There is a difficult and fine balance to be struck here: between foreigners like us using our education and experience of other parts of the world to offer help to create: “un mejor pais pero para todos “(“a better society but for everyone”, the presidential campaign slogan of one of the forerunning candidates in the up-coming elections) and sticking our noses into a culture we don’t understand. We have maintained all along that it is not our right, role or intention to change the culture here. I don’t see, however, that dumping waste from your businss in the street, breaking rum bottles in a children’s playground or trashing the school has anything to do with culture, I see it simply as bad behaviour and I would challenge that any where in the world. I was invited here as an educator and in that role I very much see bad behaviour as my responsibility to try to improve.

So I will continue to nag the kids to pick up their rubbish in my classroom and to clean the names off their desks and walls. To challenge restaurant owners who serve inedible food and dog owners who let their Rottweilers roam the streets biting people. If it ever means that one child does not need stitches because they have fallen on a broken bottle in a park, a restaurant patron is spared food-poisoning, and innocent Sunday strollers are never again bitten by an out-of-control dog, then my “moaning” will definitely have paid off.

Ahh, I feel much better now. Not sure if it’s just getting that all off my chest or my first ice cold beer since Christmas 2010 but either way it’s a nice feeling. Thank you Lin.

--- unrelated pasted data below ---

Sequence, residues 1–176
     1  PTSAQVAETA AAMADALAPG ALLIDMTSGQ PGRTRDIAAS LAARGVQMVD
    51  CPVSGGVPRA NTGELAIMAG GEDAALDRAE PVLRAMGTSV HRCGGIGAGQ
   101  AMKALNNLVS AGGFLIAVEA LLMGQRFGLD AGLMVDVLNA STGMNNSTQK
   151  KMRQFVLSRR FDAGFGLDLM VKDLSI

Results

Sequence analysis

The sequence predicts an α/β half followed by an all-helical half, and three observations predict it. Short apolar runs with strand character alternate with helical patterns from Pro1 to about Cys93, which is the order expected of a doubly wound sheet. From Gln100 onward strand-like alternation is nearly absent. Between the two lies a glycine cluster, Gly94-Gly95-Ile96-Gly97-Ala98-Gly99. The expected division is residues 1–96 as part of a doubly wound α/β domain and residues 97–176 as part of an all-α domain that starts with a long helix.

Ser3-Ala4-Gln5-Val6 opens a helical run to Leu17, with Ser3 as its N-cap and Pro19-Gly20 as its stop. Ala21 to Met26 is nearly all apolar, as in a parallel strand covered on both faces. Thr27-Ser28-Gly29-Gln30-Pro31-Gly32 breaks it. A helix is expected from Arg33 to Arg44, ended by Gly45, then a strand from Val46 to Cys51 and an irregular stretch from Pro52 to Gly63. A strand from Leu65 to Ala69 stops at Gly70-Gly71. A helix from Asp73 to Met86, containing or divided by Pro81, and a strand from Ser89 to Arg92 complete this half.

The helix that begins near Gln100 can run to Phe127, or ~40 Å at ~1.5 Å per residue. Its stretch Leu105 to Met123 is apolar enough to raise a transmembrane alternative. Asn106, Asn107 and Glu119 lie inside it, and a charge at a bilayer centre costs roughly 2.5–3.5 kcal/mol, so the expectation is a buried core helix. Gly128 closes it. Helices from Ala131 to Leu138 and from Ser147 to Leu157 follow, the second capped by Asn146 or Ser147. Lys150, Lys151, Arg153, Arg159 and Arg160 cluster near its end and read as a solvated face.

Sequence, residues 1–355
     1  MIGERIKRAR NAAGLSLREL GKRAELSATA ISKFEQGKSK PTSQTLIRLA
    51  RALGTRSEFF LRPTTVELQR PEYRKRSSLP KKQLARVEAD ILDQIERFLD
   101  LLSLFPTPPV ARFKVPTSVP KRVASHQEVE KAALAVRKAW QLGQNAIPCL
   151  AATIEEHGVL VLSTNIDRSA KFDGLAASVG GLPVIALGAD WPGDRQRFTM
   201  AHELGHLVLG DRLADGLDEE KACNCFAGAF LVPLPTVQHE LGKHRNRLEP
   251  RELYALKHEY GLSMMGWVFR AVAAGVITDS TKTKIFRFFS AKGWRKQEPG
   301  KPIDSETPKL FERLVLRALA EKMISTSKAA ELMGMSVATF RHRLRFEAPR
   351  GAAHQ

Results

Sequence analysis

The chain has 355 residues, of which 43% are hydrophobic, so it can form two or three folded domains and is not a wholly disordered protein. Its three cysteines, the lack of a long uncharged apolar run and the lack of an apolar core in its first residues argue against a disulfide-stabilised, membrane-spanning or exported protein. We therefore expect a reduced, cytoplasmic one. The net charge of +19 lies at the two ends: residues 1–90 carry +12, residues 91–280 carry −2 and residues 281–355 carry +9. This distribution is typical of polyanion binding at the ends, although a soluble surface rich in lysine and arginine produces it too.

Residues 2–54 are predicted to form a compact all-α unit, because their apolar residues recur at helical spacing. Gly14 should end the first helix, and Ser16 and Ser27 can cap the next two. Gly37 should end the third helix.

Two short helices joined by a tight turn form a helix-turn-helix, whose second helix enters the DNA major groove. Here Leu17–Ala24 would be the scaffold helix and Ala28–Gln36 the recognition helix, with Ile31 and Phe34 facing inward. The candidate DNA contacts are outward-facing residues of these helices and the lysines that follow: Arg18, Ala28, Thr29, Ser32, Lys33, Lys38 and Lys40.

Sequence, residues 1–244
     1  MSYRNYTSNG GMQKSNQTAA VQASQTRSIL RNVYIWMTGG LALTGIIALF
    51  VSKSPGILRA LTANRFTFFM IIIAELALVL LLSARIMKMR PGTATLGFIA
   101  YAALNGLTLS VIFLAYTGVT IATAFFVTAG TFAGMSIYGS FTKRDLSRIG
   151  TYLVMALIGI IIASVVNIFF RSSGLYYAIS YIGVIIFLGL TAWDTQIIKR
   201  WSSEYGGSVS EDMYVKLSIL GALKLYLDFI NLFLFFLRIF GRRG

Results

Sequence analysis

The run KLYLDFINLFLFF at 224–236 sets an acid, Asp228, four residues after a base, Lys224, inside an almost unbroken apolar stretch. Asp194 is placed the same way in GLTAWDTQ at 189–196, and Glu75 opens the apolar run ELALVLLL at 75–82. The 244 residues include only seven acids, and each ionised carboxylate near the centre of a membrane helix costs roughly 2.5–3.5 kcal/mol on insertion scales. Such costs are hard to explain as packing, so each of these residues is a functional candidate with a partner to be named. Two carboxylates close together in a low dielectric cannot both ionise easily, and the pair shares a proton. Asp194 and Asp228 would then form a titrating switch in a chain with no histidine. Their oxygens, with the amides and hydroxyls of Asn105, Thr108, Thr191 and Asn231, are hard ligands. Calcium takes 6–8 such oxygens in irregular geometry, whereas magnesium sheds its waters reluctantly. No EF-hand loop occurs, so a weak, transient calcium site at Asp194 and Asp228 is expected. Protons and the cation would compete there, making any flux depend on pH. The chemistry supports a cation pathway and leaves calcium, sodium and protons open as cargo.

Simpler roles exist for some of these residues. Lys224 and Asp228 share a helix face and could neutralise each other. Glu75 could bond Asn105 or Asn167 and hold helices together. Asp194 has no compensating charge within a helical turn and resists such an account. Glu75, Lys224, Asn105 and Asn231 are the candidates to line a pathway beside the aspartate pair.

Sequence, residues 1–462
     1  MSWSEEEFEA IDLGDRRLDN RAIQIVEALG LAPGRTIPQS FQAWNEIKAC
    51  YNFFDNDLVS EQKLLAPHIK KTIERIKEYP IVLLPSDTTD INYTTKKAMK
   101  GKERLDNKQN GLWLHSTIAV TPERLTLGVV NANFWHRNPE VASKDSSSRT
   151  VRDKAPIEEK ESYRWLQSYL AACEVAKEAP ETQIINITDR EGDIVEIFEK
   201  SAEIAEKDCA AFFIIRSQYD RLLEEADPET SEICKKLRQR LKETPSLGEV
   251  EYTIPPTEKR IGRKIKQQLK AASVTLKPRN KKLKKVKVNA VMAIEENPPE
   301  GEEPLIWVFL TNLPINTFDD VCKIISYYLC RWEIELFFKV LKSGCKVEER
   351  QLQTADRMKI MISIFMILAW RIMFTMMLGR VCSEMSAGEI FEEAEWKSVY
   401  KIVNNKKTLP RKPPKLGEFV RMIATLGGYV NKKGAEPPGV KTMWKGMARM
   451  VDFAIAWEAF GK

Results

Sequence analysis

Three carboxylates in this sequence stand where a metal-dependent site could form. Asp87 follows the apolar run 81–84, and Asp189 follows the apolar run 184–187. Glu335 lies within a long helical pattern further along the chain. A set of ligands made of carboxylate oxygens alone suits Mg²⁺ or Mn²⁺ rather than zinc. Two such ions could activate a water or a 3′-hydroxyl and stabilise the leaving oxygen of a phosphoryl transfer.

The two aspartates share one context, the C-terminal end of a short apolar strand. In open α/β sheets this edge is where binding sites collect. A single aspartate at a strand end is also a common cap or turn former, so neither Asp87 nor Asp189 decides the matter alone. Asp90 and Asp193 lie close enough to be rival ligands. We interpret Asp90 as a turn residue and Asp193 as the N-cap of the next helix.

Comments

  1. LinsFood says:

    Touche! Siempre tu amiga! xx

  2. paul says:

    Oh dear, where to start? I so agree with you Alison. Ok, calm down, draft 2. People are lazy, no matter how educated they are some people have a part of their brain missing when it comes to litter. People are sheep, they add to an existing problem then claim it wasn’t their fault. I hate this. You should take a walk along Chesil Beach in the summer if you want evidence of this, as every angler seems to leave his own sacrifice to the litter gods. When i leave the beach I clear the beach around me, but alas,I can only carry one black sack. Does this make me a hero? No, I think it makes me normal. I could go on (i did infact, but deleted the first draft) and though I applaud your efforts, you will never win. Peple are sheep. Can you educate sheep? I don’t think so, you can round them up and make them scared, but as soon as you turn your back they will run away and just carry on as before. Oh, and your front lawn needs a cut…. Paul xx